#include <CommonCrypto/CommonCrypto.h>

unsigned char obfuscatedSecretKey[] = { 0xDE, 0xAD, 0xBE, 0xEF, 0xDE, 0xAD, 0xBE, 0xEF, 0xDE, 0xAD, 0xBE, 0xEF, 0xDE, 0xAD, 0xBE, 0xEF };

// Get the SHA1 of a class name, to form the obfuscator.
unsigned char obfuscator[CC_SHA1_DIGEST_LENGTH];
NSData *className = [NSStringFromClass([ChooseOneOfMyClassesHere class])
CC_SHA1(className.bytes, (CC_LONG)className.length, obfuscator);

// XOR the class name against the obfuscated key, to form the real key.
unsigned char actualSecretKey[sizeof(obfuscatedSecretKey)];
for (int i=0; i<sizeof(obfuscatedSecretKey); i++) {
    actualSecretKey[i] = obfuscatedSecretKey[i] ^ obfuscator[i];

... now you can do something with actualSecretKey ...

With the above in place, any attacker would have to either figure out how your code works with a disassembler (really hard), or they’d have to attach a debugger and hook into functions until they found where you actually do something with the secret key once it is in the clear (less difficult, but still requires quite an advanced attacker).

Now there’s a simple trick to generate your obfuscated key in the first place: Put your real secret key into obfuscatedSecretKey, put a breakpoint after it generates the actualSecretKey, dump the value of actualSecretKey, and use that as your obfuscatedSecretKey. This works because XOR is a reversible process.

Disabling debug sessions

To somewhat mitigate the risk of crackers attacking your app with a debugger (LLDB or GDB), you can insert some code in your app that makes it crash as soon as it detects a debugger attached. The iTunes app uses this technique, you can read about it here.

To achieve this, here is a sample implementation for your main.m file, from the iPhone wiki:

#import <dlfcn.h>
#import <sys/types.h>

typedef int (*ptrace_ptr_t)(int _request, pid_t _pid, caddr_t _addr, int _data);
#if !defined(PT_DENY_ATTACH)
#define PT_DENY_ATTACH 31
#endif  // !defined(PT_DENY_ATTACH)

void disable_gdb() {
	void* handle = dlopen(0, RTLD_GLOBAL | RTLD_NOW);
	ptrace_ptr_t ptrace_ptr = dlsym(handle, "ptrace");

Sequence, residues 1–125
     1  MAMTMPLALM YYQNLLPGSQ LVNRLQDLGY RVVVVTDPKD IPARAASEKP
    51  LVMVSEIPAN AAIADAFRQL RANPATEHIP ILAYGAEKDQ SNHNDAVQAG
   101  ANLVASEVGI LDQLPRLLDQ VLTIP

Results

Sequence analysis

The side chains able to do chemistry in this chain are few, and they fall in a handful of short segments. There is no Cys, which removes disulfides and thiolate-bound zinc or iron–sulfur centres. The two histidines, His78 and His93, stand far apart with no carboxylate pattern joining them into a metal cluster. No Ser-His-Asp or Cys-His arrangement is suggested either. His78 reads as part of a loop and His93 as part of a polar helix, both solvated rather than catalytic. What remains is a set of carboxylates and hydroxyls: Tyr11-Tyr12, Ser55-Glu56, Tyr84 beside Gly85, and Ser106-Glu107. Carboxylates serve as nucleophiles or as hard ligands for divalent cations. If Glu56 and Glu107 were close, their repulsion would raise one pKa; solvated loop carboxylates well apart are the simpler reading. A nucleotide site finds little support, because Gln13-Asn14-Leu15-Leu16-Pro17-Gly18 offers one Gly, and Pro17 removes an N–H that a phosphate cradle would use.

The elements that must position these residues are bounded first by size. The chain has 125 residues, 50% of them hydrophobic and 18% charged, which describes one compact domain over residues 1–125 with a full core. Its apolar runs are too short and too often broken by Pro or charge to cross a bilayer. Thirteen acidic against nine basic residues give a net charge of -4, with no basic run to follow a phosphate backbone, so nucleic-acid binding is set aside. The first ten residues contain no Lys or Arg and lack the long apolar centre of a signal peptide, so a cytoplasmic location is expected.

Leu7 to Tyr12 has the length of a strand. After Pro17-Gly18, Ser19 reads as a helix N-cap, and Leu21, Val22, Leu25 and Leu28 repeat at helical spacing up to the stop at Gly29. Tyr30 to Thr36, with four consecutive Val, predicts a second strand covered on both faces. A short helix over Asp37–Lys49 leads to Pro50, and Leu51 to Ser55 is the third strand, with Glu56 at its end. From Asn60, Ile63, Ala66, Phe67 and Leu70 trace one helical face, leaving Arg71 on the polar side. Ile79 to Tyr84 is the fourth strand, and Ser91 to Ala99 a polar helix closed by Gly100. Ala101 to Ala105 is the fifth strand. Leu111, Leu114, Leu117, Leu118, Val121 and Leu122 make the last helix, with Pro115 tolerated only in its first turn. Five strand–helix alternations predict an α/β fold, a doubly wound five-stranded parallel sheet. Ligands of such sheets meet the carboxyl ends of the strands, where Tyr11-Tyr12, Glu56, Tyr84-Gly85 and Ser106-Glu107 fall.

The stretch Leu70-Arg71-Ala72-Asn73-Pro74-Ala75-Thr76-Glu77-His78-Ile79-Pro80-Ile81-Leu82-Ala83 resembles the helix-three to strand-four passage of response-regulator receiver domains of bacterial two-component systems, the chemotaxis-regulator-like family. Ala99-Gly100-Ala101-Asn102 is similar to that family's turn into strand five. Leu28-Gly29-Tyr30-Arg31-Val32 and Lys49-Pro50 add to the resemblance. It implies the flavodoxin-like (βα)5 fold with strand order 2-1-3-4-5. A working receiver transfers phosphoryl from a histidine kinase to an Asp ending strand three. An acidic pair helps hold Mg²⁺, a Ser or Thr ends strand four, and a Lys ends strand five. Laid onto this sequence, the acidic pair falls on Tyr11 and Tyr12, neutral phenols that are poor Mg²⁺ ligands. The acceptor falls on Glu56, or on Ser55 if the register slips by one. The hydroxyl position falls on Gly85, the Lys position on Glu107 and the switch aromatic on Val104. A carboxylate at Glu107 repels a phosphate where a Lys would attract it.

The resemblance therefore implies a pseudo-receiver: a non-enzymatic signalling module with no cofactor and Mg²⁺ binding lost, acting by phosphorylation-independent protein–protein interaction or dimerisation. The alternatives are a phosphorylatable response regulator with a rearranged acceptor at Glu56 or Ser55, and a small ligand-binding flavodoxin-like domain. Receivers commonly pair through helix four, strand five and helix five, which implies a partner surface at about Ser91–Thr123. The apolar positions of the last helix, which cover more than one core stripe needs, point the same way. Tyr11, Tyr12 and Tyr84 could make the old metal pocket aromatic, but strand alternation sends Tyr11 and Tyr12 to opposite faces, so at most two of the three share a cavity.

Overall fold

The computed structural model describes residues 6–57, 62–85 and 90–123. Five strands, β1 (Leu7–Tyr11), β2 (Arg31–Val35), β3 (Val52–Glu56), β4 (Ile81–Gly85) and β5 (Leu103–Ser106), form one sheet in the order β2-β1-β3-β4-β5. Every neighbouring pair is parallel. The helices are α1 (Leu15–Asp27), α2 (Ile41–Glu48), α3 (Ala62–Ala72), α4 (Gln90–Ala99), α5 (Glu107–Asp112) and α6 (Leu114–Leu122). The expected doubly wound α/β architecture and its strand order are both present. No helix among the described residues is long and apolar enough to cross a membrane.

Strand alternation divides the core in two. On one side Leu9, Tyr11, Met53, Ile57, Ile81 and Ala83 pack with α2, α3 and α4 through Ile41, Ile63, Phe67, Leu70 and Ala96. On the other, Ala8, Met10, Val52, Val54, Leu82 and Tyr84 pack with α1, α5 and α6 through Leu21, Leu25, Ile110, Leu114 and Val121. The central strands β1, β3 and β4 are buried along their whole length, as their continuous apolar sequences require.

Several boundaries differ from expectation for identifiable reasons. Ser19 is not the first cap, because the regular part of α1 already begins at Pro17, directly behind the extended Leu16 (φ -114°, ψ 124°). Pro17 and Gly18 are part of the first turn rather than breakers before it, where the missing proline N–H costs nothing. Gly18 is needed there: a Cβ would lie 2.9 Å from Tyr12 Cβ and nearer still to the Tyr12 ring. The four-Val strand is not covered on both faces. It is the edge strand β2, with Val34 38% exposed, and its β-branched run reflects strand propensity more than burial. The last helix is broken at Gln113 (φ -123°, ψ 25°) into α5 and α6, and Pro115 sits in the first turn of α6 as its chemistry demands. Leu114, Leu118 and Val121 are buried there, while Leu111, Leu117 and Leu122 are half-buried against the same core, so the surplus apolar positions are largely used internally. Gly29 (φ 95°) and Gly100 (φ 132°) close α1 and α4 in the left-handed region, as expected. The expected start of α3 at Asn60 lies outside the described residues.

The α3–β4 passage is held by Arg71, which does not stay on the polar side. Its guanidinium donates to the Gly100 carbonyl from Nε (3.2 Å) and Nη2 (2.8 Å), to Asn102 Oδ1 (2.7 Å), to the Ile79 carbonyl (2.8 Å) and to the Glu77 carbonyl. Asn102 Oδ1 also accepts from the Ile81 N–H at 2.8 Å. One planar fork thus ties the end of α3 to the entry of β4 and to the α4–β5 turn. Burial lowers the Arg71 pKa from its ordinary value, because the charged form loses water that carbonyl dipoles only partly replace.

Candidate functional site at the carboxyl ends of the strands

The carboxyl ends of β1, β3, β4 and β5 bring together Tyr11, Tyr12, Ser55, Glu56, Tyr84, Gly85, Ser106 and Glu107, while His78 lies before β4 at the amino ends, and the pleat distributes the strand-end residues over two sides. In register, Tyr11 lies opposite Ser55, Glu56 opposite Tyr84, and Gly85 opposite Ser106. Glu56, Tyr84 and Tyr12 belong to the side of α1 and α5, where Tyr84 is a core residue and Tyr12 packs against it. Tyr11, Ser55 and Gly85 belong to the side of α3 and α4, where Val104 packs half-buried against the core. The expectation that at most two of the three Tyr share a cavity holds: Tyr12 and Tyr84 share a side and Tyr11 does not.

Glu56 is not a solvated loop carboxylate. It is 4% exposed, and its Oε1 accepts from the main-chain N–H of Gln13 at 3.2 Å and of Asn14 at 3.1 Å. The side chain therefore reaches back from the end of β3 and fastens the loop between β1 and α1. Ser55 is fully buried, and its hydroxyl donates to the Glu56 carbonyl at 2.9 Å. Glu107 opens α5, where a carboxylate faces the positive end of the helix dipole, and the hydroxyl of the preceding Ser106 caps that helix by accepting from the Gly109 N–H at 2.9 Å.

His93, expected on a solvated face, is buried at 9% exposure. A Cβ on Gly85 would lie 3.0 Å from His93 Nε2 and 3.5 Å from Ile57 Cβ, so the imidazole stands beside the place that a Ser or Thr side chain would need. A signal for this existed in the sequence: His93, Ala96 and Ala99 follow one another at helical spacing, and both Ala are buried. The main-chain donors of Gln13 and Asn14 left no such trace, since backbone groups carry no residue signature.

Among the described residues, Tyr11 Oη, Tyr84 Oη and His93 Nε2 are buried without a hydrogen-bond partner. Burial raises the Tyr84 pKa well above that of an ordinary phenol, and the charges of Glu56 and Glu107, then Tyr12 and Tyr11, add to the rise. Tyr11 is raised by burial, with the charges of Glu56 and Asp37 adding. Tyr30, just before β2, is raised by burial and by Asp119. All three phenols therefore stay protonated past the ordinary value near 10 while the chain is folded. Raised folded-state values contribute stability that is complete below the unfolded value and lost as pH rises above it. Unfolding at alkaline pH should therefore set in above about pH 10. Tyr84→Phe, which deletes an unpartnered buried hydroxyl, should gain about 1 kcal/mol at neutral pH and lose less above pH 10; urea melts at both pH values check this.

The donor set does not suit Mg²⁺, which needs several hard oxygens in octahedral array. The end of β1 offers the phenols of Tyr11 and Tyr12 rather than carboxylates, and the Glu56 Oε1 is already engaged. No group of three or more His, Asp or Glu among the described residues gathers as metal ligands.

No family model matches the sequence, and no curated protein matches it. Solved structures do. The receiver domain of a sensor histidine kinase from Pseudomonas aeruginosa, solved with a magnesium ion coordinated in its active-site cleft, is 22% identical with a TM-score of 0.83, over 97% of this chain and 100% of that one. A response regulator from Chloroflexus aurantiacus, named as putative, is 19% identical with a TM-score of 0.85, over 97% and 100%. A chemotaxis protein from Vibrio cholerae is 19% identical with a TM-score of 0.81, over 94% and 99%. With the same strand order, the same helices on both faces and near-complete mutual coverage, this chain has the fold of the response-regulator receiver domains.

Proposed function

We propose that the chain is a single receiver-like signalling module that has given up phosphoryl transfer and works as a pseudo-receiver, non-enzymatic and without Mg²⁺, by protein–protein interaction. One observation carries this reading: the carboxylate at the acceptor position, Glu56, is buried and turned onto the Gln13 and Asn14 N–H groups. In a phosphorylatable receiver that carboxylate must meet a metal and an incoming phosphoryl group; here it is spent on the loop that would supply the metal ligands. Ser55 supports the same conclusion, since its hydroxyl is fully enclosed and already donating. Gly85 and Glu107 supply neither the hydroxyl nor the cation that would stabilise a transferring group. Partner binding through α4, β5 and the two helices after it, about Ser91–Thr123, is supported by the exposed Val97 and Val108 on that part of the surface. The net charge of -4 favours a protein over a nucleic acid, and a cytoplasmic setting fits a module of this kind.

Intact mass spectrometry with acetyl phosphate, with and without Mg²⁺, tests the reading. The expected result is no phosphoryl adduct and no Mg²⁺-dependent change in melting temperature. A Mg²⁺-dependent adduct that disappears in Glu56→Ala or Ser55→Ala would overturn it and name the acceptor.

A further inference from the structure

ptrace_ptr(PT_DENY_ATTACH, 0, 0, 0);

int main(int argc, char *argv[]) {
	#if !(DEBUG) // Don't interfere with Xcode debugging sessions.

    @autoreleasepool {
        return UIApplicationMain(argc, argv, nil,
	        NSStringFromClass([MyAppDelegate class]));

Now, of course, a sufficiently talented cracker can work around this, however it’s another obstacle I recommend placing in their way to make it more difficult.


So, to sum up, my recommendations:

  • Store your secrets as unsigned char myVar[] = {0x00, 0x11, …} instead of @”SomeString”.
  • Obfuscate by XORing against the hash of a class name.
  • Disable GDB/LLDB at the start of main().
  • Use SSL certificate pinning if you are sending your key as part of the request, as opposed to using it in an HMAC.
  • Don’t rely on any of this preventing a determined, skilled cracker, it’s a deterrent against the 99%.

Footnote: As mentioned before, I disclaim responsibilities if you follow this article, as it is only security by obscurity.

Thanks for reading! And if you want to get in touch, I'd love to hear from you: chris.hulbert at gmail.

Chris Hulbert

(Comp Sci, Hons - UTS)

iOS Developer (Freelancer / Contractor) in Australia.

I have worked at places such as Google, Cochlear, Assembly Payments, News Corp, Fox Sports, NineMSN, FetchTV, Coles, Woolworths, Trust Bank, and Westpac, among others. If you're looking for help developing an iOS app, drop me a line!

Get in touch:
[email protected]

 Subscribe via RSS